Auckland’s International Airport has deployed a remarkably human-like female virtual assistant to answer travellers’ queries about biosecurity matters.
Virtual Assistant Interface (Vai) has been developed by Auckland company FaceMe with support from Westpac’s Innovation Fund.
FaceMe says the Ministry of Primary Industries (MPI) is trialling Vai in the airport’s biosecurity arrivals area to see whether she will become a permanent feature. “Vai can see, hear and answer arriving international visitors’ questions.”
FaceMe says Vai was built using its platform that offers companies customised digital employees that, with training, can offer personalised service using natural language. Vai "uses biometrics to learn human interactions and will interact accordingly to ease the customer’s experience.”
FaceMe CEO Danny Tomsett, said the company’s digital employees learn from every past interaction to sharpen and perfect their skills.
“Vai is highly conversational and has been trained through every interaction, as well as data available on the website,” he said. “She embodies the AI experience with human like qualities, including a friendly personality and emotional understanding.”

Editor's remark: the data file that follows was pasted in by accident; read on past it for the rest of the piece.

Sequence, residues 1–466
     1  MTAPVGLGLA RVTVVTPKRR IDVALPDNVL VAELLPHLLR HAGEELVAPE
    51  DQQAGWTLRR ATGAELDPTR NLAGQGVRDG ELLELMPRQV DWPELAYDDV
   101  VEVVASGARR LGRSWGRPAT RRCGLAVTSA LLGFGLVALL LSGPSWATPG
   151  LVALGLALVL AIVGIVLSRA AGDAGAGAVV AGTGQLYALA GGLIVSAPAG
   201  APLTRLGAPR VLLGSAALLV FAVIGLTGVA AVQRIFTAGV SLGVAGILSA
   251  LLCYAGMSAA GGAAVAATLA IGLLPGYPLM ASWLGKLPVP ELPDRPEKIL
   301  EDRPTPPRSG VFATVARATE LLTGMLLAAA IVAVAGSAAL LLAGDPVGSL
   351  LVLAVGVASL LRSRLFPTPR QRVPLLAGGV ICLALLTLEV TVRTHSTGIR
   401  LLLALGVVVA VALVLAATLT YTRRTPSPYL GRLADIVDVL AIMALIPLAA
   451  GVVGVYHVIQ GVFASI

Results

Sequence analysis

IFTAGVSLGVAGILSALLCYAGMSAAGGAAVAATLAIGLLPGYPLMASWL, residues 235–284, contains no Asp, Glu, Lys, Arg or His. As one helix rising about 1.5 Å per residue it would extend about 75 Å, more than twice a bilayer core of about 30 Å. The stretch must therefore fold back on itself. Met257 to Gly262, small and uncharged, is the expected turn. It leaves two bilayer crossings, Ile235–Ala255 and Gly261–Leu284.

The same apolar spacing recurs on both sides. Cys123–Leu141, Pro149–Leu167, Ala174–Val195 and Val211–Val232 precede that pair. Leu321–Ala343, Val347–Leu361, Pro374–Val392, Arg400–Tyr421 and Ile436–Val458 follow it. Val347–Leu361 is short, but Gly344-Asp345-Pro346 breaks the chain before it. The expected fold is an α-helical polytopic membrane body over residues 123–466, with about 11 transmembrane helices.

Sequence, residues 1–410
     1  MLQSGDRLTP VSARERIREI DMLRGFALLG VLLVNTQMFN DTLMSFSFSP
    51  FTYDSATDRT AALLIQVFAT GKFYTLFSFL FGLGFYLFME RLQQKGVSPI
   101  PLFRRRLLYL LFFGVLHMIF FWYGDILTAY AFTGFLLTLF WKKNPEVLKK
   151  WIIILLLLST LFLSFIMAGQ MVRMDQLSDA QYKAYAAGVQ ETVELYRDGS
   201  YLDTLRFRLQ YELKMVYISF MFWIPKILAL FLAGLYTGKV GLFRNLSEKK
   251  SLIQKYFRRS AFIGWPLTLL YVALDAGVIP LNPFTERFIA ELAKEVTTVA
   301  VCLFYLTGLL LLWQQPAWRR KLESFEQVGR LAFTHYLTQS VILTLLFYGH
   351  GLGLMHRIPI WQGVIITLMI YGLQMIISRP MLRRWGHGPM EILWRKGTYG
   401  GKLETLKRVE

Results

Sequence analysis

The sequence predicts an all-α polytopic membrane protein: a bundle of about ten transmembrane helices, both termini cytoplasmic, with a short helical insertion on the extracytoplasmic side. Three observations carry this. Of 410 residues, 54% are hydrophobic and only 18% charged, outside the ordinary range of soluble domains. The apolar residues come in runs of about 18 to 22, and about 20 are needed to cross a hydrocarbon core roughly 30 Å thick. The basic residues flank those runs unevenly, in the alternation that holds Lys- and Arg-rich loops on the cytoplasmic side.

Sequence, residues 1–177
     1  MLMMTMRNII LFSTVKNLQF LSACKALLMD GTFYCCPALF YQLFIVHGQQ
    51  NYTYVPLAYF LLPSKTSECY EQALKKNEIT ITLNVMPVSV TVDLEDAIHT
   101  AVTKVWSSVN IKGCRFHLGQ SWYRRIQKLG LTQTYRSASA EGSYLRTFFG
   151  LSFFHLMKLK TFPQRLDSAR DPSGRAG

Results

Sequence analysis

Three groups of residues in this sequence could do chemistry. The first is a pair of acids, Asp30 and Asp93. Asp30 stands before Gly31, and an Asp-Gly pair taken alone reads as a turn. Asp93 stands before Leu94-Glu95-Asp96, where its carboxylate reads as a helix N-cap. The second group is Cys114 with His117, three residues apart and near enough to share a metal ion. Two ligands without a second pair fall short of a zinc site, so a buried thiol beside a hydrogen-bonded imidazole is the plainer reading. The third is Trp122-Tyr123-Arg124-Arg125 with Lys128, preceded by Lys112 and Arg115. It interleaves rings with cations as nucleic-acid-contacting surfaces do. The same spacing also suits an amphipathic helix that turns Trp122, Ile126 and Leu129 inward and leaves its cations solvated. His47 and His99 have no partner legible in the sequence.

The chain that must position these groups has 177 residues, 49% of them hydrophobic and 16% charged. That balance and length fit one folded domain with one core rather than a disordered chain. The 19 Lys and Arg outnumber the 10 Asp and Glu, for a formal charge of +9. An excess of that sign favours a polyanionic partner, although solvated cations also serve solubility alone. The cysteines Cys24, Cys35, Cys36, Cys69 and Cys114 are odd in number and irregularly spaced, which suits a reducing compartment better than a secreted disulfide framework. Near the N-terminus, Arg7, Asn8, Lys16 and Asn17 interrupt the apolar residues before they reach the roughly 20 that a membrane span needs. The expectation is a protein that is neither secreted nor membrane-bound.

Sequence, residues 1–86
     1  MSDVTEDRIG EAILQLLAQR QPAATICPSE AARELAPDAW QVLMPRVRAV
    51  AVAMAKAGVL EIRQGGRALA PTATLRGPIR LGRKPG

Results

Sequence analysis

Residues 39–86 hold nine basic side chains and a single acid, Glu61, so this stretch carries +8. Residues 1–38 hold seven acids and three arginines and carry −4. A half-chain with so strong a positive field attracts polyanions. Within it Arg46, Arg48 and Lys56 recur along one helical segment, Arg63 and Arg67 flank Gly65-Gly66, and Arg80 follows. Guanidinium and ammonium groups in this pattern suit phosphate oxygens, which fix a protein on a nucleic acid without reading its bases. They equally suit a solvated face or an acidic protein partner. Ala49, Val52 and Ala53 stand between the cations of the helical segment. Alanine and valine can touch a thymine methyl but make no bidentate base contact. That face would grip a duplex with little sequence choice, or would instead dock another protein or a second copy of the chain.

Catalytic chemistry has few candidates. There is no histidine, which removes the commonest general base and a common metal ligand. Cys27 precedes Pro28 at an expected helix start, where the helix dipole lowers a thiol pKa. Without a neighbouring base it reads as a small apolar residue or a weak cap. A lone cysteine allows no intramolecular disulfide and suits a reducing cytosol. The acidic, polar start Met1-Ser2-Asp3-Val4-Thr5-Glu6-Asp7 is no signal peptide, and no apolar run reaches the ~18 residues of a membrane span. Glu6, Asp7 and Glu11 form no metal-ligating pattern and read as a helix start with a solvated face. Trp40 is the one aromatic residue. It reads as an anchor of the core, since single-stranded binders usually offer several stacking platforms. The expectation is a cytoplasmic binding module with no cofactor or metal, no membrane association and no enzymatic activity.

MPI’s detection technology manager, Brett Hickman said Vai had been deployed to take some of the load off MPI officers during peak times by answering simple biosecurity questions from the public.
FaceMe says it believes the global market for AI will grow beyond $47 billion per annum and that, over the next ten years, human contact with organisations will be reduced to less than 15 percent of interactions.
According to Thomsett “digital employees offer an empathetic, human-like interface that provides answers, handles requests, supplies information or simply connects clients to a key person across any and all channels, day or night.”
Another New Zealand company, Soul Machines has had considerable success with its digital customer service avatar, Nadia, announcing deployments by Autodesk, UK bank Natwest, and most recently UK Daimler.
Comparisons are inevitable. We’d have to say Vai look more convincing. You can see her in action at Auckland Airport here, and pulling faces (demonstration her ability to show human emotions such as disgust and anger) here.